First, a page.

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Going “all tablet”

By Ryan Moore

I’ve gone all tablet.

Okay, maybe that statement is a stretch but lets fast forward to a month and a ½ ago to where I hate to admit it, but I wasn’t using that gorgeous $1,700 MacBook Pro that I had purchased a mere 6 months before. I used to live on a laptop for work, but a few months after I purchased the upgrade, I switched jobs to one that provided a desktop at work for me. Because of the switch I found myself only occasionally pulling out the 15” laptop to merely answer an email or check Facebook. Those are minimal tasks that could probably be performed while the powerful device was still sleeping. With this noticed lack of use and student loan repayments knocking at the door, my wife and I decided it was time to sell the laptop and figure out a new system. Now, don’t you worry. A gadget crazed person like me wasn’t left without shiny objects. Quite the contrary. I still had an iMac, my iPhone and an iPad to juggle, so the idea of dropping one device from the mix was oddly tempting. A few weeks later I found a buyer and entered the uncharted world of being laptop free.

The Good:

Since I wouldn’t be taking home much work, the main computing that would take place would be email management and simple browsing. The iPad is perfect for these tasks and is probably what most users use their computing devices for these days. However one thing was missing that many tablet naysayers would love to point out: I need a physical, tactile, tangible keyboard. Sure the onscreen keyboard is great for typing out quick email responses or typing the name of the person you wanted to Facebook stalk, but if you want to write a decent journal entry or the next great American novel, digital input probably isn’t your thing. Enter my iPad’s new best friend: a Bluetooth keyboard.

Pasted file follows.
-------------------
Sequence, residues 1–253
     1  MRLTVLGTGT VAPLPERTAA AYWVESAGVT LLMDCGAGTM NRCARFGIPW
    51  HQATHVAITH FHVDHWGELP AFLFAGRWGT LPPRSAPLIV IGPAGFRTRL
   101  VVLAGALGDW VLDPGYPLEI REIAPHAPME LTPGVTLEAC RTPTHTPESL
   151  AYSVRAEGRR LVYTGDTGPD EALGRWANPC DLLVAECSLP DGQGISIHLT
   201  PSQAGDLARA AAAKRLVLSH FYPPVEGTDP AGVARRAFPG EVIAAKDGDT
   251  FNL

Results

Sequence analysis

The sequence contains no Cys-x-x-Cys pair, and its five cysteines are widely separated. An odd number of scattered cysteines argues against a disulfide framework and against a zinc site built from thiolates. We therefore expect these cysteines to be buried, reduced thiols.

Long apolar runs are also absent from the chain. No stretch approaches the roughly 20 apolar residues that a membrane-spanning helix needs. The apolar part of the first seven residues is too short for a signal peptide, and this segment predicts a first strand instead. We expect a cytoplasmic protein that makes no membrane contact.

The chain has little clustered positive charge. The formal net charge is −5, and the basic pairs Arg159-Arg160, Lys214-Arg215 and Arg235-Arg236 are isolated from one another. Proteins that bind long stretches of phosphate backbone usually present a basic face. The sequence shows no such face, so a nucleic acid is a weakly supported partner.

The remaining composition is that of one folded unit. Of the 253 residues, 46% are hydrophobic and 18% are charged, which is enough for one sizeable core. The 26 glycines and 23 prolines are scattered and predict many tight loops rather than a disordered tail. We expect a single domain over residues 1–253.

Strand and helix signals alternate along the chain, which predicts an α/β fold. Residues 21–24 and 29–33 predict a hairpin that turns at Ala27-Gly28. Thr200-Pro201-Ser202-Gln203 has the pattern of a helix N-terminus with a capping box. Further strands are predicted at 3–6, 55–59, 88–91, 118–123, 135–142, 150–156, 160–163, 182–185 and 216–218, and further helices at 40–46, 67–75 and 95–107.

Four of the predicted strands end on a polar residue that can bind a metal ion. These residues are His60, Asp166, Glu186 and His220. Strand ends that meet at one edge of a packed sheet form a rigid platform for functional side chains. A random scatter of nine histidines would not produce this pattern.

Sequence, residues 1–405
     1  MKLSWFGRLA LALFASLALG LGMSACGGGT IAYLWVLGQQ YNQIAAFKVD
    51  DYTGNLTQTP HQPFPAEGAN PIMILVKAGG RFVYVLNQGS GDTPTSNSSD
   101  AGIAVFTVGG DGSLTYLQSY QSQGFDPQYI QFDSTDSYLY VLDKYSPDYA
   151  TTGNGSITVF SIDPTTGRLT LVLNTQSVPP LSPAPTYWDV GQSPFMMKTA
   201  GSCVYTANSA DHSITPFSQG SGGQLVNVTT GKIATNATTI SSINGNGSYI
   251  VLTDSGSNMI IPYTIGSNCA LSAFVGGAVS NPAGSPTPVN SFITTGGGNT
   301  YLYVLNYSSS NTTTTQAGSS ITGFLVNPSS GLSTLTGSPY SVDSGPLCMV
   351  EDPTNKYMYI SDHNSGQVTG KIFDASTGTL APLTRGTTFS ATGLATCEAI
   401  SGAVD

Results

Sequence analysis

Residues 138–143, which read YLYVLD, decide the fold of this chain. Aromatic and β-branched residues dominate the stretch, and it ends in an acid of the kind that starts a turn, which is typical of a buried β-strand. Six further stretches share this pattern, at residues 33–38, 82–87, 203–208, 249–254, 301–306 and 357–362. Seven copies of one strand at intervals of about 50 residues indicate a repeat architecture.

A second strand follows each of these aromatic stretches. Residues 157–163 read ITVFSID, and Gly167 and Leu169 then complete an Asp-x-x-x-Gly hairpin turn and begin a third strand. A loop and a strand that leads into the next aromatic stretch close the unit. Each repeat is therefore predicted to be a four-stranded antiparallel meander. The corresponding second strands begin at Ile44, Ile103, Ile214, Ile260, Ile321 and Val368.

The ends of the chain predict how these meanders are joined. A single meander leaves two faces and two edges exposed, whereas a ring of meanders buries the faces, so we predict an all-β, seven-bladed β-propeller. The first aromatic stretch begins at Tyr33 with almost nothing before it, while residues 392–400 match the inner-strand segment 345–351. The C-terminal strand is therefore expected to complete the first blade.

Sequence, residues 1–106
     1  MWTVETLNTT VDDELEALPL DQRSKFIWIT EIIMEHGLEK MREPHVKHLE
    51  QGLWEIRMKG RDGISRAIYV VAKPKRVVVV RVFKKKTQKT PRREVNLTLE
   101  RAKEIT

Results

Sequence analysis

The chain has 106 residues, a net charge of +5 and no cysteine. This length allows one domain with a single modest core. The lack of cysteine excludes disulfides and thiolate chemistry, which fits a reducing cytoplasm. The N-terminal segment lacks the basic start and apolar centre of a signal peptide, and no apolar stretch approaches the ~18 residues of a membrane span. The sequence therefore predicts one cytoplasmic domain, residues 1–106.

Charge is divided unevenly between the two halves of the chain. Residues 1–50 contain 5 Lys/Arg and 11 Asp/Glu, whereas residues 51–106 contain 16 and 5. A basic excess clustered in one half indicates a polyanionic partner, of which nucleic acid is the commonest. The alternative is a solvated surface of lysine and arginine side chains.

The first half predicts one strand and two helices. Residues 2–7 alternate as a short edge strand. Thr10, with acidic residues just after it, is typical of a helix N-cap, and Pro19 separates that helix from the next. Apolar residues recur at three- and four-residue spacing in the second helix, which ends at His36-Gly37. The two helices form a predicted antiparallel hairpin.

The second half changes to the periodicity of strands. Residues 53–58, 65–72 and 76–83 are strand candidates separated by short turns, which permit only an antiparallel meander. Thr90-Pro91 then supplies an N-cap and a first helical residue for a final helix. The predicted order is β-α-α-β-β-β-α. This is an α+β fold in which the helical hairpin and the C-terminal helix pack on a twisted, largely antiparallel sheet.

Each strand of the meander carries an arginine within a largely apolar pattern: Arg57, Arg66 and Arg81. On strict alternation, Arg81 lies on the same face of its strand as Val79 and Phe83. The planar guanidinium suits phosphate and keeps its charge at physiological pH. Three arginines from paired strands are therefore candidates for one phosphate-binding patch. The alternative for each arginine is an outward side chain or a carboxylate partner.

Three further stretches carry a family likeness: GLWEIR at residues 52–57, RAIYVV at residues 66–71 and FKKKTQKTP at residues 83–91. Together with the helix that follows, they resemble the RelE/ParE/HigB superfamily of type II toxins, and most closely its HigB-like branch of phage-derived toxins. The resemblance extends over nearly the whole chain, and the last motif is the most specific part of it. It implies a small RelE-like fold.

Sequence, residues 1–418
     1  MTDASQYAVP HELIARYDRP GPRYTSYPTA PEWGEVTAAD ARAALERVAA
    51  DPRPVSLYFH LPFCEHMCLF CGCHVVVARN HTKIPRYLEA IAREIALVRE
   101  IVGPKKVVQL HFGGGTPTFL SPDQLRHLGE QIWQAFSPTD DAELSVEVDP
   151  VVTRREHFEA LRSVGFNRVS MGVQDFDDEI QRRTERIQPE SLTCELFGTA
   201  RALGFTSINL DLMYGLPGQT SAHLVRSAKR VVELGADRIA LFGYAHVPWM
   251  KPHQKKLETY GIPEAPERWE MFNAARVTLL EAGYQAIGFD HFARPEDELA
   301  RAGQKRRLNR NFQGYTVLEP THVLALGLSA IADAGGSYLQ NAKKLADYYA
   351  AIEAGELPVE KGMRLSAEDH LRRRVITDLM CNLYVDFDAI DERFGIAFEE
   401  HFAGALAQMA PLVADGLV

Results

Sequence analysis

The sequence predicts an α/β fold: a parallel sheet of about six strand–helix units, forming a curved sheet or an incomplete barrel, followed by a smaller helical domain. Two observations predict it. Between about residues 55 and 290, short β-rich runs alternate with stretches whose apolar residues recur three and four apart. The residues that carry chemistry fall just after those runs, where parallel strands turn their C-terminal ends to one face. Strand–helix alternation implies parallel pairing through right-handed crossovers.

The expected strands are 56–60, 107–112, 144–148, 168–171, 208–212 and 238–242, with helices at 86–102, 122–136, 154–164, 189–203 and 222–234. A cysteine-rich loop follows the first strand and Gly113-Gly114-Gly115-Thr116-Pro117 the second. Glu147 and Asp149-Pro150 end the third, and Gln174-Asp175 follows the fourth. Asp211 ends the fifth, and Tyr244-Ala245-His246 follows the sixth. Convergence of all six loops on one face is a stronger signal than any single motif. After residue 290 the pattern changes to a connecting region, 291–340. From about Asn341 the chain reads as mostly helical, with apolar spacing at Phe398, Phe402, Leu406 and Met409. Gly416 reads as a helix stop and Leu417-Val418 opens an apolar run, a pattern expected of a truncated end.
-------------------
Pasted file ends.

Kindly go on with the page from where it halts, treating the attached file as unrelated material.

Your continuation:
I went with the ZAGGkeys SOLO keyboard (more in depth review of the keyboard coming) as I didn’t want to carry the keyboard with me all the time. This has proved to be a surprisingly effective decision. When the emails are piling up, I can slot my iPad into the ZAGGkeys SOLO dock and get some work done just like I did with my laptop; focusing on getting tasks out of the way. When it is just the iPad, I’m better able to “cuddle up” with the internet and enjoy the casual browsing more. You might say that it better helps me separate ‘business’ from ‘pleasure.’

The Bad:

Society should give itself a pretty good pat on the back for progressing mobile browsing as fast as it has. You figure that the iPad hasn’t even been out for two years and already Adobe Flash is on the decline and optimized sites for mobile access are cropping up each day. That being said though, there are still tasks that can be done on a tablet, but it doesn’t mean it is pleasant. I often times find myself segmenting my computing tasks between what I want to do on the iPad and what will just be easier to do on the desktop. Dedicated apps help the situation, but I find multi-tasking between various sites a more fulfilling experience on the PC.

It’s Just The Beginning:

To be honest though, I wonder if this experience would be easier if I didn’t have a myriad of gadget choices. Without falling back onto my ‘old’ ways with a desktop, I would be forced to use the iPad more and it would become just as intuitive. With time, many things have already become easier, especially with Apple’s newly introduced multi-tasking gestures in iOS 5 and I find myself gravitating to the iPad more and more for its portability, ease and battery life. The day that I could declare myself ‘desktop free’ though I don’t foresee in the near future.

That is just my personal experience, but I know many people do use their tablets as their main computers, so I pose this question to you: if you own a tablet, how do you use it? Is it your main computing device or more of a casual island of consumption bliss? What tasks do you prefer to do where? Sound off in the comments.

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